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“In Wales, between 300 and 350 people die from suicide each year. While causes of suicides are complex, we do know that there are factors which increase the risk for specific groups and individuals. These factors include poor mental health, deprivation, gender and alcohol misuse.

Suicide is now the single biggest killer of men aged under 45 in the UK, with 76% of all suicides in 2014 being men. Men are four times more likely to die by suicide than women in the UK and in Wales; the rate is at its highest since 1981. In 2014, 81% of all suicides in Wales were by men.

The link between socio-economic deprivation and increased risk of suicide is well established. Previous academic studies have shown us, for example, that men from the lowest socioeconomic group living in the most deprived areas are at greater risk of suicide than those in the most affluent group living in the most affluent areas. Every local area in Wales has a unique geography, economy, and population. It follows that a profile of deprivation and associated suicide risk will also vary between local populations.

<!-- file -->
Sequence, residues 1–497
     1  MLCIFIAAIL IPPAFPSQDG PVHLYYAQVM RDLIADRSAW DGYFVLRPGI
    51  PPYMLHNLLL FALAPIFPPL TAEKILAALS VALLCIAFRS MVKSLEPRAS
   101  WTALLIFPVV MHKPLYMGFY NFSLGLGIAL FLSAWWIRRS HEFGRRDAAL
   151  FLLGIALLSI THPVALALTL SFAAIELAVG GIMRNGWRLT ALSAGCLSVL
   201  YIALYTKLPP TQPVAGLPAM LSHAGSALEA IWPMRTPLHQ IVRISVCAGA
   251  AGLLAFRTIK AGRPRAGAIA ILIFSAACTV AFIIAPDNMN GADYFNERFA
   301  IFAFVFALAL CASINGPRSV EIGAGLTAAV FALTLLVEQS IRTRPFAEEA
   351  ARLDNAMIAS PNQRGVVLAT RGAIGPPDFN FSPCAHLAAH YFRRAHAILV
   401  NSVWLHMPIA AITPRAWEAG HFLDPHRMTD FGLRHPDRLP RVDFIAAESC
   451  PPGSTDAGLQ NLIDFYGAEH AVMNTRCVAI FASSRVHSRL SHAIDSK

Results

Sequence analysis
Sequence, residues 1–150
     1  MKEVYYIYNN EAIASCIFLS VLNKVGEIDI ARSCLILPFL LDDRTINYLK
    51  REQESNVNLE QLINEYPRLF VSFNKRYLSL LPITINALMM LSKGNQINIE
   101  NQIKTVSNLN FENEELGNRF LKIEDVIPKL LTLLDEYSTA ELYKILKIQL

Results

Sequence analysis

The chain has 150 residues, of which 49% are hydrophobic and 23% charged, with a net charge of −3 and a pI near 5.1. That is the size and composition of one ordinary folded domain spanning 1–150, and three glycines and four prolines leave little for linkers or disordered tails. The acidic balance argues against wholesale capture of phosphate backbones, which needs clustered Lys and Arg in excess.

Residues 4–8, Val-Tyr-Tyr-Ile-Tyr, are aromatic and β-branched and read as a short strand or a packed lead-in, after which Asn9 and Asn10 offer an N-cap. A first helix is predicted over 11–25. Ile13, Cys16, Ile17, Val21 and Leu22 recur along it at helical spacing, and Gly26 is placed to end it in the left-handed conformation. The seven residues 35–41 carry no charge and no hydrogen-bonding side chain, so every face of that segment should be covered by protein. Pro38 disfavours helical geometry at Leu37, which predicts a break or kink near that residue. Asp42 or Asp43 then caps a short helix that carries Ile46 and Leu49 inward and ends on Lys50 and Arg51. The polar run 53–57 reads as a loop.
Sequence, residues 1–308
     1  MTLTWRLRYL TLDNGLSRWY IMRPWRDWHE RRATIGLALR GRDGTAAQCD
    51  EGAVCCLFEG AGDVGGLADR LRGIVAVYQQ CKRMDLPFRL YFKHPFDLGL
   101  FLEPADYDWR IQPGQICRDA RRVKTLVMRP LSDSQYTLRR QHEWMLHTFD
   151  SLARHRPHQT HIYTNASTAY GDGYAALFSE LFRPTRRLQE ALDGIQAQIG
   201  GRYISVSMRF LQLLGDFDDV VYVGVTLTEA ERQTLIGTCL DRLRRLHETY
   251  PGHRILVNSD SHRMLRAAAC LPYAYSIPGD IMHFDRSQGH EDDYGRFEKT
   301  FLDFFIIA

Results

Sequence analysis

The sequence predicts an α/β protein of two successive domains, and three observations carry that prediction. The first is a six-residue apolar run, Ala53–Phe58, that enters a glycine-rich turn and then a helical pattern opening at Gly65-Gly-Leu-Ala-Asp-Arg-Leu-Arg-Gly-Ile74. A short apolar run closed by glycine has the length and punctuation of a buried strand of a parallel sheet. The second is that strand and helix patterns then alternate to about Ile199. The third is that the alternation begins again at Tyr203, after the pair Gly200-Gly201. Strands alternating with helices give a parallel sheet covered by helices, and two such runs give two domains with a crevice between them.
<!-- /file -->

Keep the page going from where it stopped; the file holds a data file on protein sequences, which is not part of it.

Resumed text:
The breadth of complex factors involved in suicide risk highlights the need for multi-agency and cross-governmental action. This is not a single task for any particular organisation or sector in isolation. It is instead, a local and national imperative and one that should be seen as a major and urgent priority in the national public health agenda in Wales. We must be able to give people the best chance to turn their lives around when they are struggling.

In Wales, we work to reduce suicide across our nation. We reach out to high risk groups and communities, we work in partnership with prisons, schools, hospitals and rail staff and we engage with Welsh Government and the National Assembly to influence policy and legislation.”

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